Mark Bowden’s written a masterpiece of intensely dramatic non-fiction,” Mann said. “Bowden »

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Michael Mann to Adapt ‘Black Hawk Down’ Author’s ‘Hue 1968’ as a Miniseries

24 April 2017 9:45 AM, PDT | Indiewire | See recent Indiewire news »

Prepare for a Manniseries. Deadline reports that Michael Mann and Michael De Luca have purchased the rights to Mark Bowden’s forthcoming “Hue 1968: The Turning Point in the American War in Vietnam,” which they intend to adapt as an eight-to-10-hour miniseries.

Read More: Hugh Jackman and Noomi Rapace to Star in Michael Mann’s Ferrari Biopic

Mann has called “Hue 1968” “a masterpiece of intensely dramatic non-fiction” whose achievement “is in making ‘them’ into us.” Bowden is also the author of “Black Hawk Down: A Story of Modern War,” whose 2001 film adaptation was directed by Ridley Scott.

“We are them. There are no background people; people abstracted into statistics, body counts,” said Mann. “There is the sense that everybody is somebody, as each is in the reality of his or her own life. The brilliance of Bowden’s narrative, the achievement of interviewing hundreds of people on all »

- Michael Nordine

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Michael Mann to Adapt ‘Black Hawk Down’ Author’s ‘Hue 1968’ as a Miniseries

24 April 2017 9:45 AM, PDT | Indiewire Television | See recent Indiewire Television news »

Prepare for a Manniseries. Deadline reports that Michael Mann and Michael De Luca have purchased the rights to Mark Bowden’s forthcoming “Hue 1968: The Turning Point in the American War in Vietnam,” which they intend to adapt as an eight-to-10-hour miniseries.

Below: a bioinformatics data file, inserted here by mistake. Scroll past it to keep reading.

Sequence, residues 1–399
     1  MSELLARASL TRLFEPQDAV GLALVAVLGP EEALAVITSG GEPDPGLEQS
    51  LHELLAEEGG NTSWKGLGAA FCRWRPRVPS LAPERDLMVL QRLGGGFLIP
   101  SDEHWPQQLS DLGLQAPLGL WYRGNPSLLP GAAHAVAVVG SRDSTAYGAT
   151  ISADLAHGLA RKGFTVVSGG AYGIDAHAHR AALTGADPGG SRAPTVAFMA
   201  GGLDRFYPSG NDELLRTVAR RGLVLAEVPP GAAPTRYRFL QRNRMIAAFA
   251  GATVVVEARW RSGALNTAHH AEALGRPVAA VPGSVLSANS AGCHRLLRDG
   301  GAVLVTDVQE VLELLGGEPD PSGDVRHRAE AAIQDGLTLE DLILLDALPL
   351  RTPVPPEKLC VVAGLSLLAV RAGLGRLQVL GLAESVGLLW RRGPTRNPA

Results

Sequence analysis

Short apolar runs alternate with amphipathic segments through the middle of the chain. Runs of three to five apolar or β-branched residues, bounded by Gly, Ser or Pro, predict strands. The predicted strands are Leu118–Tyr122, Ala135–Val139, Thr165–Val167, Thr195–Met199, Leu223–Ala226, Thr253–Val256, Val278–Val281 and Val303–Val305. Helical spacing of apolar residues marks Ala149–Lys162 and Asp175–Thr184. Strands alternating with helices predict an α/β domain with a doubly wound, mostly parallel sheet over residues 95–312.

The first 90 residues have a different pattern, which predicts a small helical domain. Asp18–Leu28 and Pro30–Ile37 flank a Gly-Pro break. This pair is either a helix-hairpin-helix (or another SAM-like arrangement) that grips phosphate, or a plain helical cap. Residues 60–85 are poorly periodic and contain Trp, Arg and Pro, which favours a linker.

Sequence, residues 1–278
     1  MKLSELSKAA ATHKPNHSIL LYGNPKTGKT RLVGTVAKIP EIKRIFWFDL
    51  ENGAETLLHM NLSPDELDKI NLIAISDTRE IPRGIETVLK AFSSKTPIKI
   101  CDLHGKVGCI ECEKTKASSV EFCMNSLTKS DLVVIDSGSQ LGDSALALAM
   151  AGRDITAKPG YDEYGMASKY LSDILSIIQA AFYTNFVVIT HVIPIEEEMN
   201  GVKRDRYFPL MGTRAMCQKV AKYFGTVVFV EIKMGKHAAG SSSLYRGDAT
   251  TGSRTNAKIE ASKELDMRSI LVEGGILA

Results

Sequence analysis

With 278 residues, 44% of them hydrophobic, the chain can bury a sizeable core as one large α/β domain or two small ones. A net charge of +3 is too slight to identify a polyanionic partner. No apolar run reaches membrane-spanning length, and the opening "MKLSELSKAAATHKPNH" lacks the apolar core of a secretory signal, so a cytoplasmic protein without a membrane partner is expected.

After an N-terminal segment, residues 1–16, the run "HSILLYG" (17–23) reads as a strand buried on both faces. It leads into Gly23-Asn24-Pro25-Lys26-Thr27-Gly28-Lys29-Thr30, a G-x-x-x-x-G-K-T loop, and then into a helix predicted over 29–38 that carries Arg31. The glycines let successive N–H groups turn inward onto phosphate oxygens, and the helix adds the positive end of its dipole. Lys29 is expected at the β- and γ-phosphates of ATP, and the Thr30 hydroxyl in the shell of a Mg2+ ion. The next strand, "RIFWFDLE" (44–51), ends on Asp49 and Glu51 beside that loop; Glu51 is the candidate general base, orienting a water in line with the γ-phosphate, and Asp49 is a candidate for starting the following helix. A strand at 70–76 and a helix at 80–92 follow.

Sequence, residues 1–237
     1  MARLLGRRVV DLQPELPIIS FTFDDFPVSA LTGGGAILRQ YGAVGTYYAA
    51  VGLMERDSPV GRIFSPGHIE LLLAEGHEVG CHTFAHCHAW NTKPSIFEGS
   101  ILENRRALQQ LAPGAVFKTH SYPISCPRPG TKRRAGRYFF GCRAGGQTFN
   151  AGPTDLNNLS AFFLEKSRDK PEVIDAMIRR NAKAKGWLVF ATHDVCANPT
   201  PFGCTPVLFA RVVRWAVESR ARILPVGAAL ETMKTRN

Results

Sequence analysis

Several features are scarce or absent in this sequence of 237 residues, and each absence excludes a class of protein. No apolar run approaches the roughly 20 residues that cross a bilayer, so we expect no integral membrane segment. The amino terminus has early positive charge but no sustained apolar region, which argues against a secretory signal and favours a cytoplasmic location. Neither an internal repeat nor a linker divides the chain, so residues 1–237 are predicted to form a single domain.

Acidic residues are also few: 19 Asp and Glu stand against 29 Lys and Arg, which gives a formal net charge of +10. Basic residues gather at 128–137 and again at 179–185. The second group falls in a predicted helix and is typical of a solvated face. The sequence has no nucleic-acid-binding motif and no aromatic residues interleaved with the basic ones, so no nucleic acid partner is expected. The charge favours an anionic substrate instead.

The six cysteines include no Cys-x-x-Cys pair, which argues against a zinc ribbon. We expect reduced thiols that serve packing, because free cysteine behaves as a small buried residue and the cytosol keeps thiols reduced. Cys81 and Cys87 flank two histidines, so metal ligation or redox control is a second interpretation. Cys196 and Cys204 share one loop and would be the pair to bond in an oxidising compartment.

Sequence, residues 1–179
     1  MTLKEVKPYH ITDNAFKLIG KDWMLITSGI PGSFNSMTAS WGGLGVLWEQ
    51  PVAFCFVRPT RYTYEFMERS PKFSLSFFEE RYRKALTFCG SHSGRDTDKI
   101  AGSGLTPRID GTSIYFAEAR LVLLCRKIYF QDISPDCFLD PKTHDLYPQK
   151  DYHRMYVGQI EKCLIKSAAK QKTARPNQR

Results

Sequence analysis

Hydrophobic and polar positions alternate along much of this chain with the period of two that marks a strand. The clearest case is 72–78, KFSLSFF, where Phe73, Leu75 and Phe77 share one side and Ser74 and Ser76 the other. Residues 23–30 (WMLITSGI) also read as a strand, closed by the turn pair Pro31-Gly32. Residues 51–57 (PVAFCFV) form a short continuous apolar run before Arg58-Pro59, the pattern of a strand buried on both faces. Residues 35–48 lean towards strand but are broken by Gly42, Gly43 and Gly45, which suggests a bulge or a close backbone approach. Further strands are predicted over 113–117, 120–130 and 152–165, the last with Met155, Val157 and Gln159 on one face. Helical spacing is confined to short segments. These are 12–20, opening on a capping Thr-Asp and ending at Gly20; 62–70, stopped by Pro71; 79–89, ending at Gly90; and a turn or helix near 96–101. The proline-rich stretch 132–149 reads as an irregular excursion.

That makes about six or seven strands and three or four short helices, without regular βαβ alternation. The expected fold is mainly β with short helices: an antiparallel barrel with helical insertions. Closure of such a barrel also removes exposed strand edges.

Read More: Hugh Jackman and Noomi Rapace to Star in Michael Mann’s Ferrari Biopic

Mann has called “Hue 1968” “a masterpiece of intensely dramatic non-fiction” whose achievement “is in making ‘them’ into us.” Bowden is also the author of “Black Hawk Down: A Story of Modern War,” whose 2001 film adaptation was directed by Ridley Scott.

“We are them. There are no background people; people abstracted into statistics, body counts,” said Mann. “There is the sense that everybody is somebody, as each is in the reality of his or her own life. The brilliance of Bowden’s narrative, the achievement of interviewing hundreds of people on all »

- Michael Nordine

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Michael Mann & Michael De Luca Set Miniseries On Mark Bowden Tet Offensive Book ‘Hue 1968’

24 April 2017 9:00 AM, PDT | Deadline TV | See recent Deadline TV news »

Exclusive: Michael Mann and Michael De Luca have acquired rights to Hue 1968, and they will shape as an event eight- to 10-hour miniseries Mark Bowden’s kaleidoscopic account of the Tet Offensive that became the turning point of American involvement in the Vietnam War. Bowden’s books have been catnip for Hollywood, and his Black Hawk Down was turned into the memorable Ridley Scott-directed 2001 thriller. Bowden worked five years on Hue 1968, which will be published June 6… »

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Michael Mann, Michael De Luca Set Miniseries On Mark Bowden Tet Offensive Book ‘Hue 1968’

24 April 2017 9:00 AM, PDT | Deadline | See recent Deadline news »

Exclusive: Michael Mann and Michael De Luca have acquired rights to Hue 1968, and they will shape as an event 8-to 10 hour miniseries Mark Bowden’s kaleidoscopic account of the Tet Offensive that became the turning point of American involvement in the Vietnam War. Bowden’s books have been catnip for Hollywood and his Black Hawk Down was turned into the memorable Ridley Scott-directed 2001 thriller. Bowden worked five years on Hue 1968, which will be published June 6 by… »

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Review: ‘Sand Castle’ Gets to the Heart of War’s Futility

21 April 2017 3:59 AM, PDT | The Film Stage | See recent The Film Stage news »